“This one gonna expose some people!!.. Glad he out the division too,” posted Los Angeles Chargers wide receiver Keenan Allen after the Kansas City Chiefs traded wideout Tyreek Hill to the Miami Dolphins in March.
Keenan Allen getting “exposed” on that fumble pic.twitter.com/WPrm8TKhWk— Price Carter (@priceacarter) November 21, 2022
Allen’s comment — now draped in irony — is a perfect encapsulation of Kansas City’s offseason. A large number of players, coaches and analysts all saw the Hill trade as the final piece of the Patrick Mahomes regression puzzle.
That word — regression — has been a term used with regard to the Chiefs’ star quarterback ever since he became the team’s starter in 2018, immediately dominating the league and being named its MVP.
There have been countless claims that Mahomes would eventually become a lesser player. First, it was thought defenses would “figure him out.” Then the loss of playmakers like running back Kareem Hunt and wide receiver Sammy Watkins would be ensure his downfall. Next, teams completely changed defensive tendencies against Mahomes, playing more two-high safety looks than ever against Kansas City. Finally — after years in which AFC teams were building rosters designed to mitigate the Chiefs’ quarterback — Hill’s exit would be the final nail in the coffin.
has a QB who has led his team to…— Warren Sharp (@SharpFootball) August 23, 2022
4 straight Championship Games
4 straight Division titles
4 straight 12+ win seasons
in his FIRST 4 YEARS AS A STARTER
ever caught as much shade in an offseason as Patrick Mahomes? pic.twitter.com/p2Da7WkWl5
But Mahomes has passed every test he’s been given. He’s generated highlight after highlight. He brought the Lombardi Trophy back to Kansas City — and has been a pillar of the community ever since he arrived.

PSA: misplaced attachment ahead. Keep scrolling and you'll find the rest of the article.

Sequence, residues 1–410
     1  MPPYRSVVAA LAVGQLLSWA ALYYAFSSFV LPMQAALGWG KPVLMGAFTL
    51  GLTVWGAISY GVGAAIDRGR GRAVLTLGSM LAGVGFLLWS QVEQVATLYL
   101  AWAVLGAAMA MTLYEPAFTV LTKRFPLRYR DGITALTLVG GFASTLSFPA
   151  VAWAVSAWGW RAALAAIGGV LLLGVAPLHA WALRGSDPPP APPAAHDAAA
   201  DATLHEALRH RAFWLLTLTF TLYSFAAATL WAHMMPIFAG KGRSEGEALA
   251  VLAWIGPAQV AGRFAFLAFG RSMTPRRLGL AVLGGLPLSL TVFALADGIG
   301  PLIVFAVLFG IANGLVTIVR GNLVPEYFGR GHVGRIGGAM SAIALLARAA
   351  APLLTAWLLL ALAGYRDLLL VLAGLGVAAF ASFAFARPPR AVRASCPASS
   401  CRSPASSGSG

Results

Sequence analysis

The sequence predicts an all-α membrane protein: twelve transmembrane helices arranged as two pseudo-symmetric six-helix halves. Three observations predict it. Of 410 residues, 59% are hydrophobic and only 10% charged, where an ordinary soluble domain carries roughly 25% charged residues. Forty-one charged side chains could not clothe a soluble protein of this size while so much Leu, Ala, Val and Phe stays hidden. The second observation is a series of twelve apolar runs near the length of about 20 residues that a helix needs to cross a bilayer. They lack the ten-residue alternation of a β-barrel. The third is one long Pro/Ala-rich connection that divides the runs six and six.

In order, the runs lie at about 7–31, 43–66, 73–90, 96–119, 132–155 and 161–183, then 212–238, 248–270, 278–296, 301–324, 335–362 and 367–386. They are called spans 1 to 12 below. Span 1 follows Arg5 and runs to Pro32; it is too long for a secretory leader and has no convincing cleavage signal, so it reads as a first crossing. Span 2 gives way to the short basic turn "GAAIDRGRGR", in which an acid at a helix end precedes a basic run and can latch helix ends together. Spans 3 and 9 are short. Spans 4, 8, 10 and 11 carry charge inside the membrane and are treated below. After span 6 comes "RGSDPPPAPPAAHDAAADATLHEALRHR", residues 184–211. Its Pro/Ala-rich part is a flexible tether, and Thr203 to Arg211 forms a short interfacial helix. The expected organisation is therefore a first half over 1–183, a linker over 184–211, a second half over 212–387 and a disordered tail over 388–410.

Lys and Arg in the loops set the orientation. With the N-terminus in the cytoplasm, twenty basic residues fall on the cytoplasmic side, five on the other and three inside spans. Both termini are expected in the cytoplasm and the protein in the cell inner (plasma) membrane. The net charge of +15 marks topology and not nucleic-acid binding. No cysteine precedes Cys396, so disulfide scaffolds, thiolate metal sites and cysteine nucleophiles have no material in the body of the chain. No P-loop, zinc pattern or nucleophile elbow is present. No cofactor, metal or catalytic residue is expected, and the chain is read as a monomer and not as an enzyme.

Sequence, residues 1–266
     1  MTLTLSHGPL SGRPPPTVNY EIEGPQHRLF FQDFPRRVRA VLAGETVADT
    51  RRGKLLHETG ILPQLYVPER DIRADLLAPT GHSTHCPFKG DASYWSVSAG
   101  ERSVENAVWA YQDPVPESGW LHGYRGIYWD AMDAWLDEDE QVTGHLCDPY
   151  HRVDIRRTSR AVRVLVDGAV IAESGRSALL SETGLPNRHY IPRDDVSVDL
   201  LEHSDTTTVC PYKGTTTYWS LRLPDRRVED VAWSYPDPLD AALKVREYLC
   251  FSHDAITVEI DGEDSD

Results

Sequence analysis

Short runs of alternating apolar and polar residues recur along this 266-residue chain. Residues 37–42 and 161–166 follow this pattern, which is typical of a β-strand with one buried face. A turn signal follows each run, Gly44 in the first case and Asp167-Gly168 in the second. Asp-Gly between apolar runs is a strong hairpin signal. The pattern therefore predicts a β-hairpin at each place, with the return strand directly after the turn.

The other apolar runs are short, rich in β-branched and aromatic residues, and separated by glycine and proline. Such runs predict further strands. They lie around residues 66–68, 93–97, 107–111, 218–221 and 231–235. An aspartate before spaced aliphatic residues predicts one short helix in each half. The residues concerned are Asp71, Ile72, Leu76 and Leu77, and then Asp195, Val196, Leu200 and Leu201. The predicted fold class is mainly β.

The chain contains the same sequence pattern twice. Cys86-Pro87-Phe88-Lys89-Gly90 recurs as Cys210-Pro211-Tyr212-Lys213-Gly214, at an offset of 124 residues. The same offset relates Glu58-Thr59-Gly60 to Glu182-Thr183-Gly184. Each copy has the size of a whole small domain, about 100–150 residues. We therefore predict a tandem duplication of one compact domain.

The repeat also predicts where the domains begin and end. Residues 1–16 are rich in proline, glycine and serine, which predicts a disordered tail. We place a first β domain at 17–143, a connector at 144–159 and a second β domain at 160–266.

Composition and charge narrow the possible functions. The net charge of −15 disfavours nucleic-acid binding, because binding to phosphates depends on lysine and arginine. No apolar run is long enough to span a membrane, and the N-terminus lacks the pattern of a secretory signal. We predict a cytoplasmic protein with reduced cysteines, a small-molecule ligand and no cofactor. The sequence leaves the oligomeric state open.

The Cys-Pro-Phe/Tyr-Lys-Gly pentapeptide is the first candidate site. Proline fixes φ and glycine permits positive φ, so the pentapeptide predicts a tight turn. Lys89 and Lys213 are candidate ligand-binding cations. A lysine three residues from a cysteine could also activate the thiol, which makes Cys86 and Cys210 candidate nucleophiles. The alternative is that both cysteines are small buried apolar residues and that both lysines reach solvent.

Just the same, after becoming the true franchise quarterback that Kansas City fans had desired for so long, Mahomes still had questions to answer. How would he handle his contract negotiations? How would he fit into a roster limited by a large quarterback contract? And would he be able to elevate the talent around him? This is typically the last (and likely the most important) question a franchise quarterback must answer.
More than ever, NFL teams are focusing on what is commonly called the “rookie quarterback window” — in which a young, ascending quarterback is inexpensive. This still allows the team to load up on veteran talent through trades and free agency. The Dolphins, Chargers and Cincinnati Bengals are great examples of teams currently in this window.
While the Chiefs were within it, they brought in players like Watkins, defensive end Frank Clark, safety Tyrann Mathieu and linebacker Anthony Hitchens. But as the salary-cap hit of Mahomes’ long-term contract has continued to rise, it’s become challenging to surround him with that kind of talent.
But on Sunday night, Mahomes answered that final question. He can elevate lesser talent when the lights shine brightest.
In the fourth quarter — needing a touchdown on the road against the defense of a division rival that was built specifically to face him — he once again came through in the clutch. With less than two minutes remaining, he marched down the field to score the winning touchdown with a castoff at right tackle and three of his top receivers (and his first-round running back) out with injuries.
In 2022, no quarterback is doing more with less.
There’s no doubt about it: when Hill was traded to Miami on March 23, all of Chiefs Kingdom was worried about the impact it would have on Mahomes and his offense; it was difficult to imagine how it could succeed without such a dynamic, speedy player.
Yet now — as he barrels toward what could easily be his second MVP award — Mahomes has made all of that seem irrelevant. Without a huge spike in turnovers or a dramatic shift in scheme, he has returned to the level of production that thrilled us in 2018 — and has again solidified himself as the league’s best quarterback.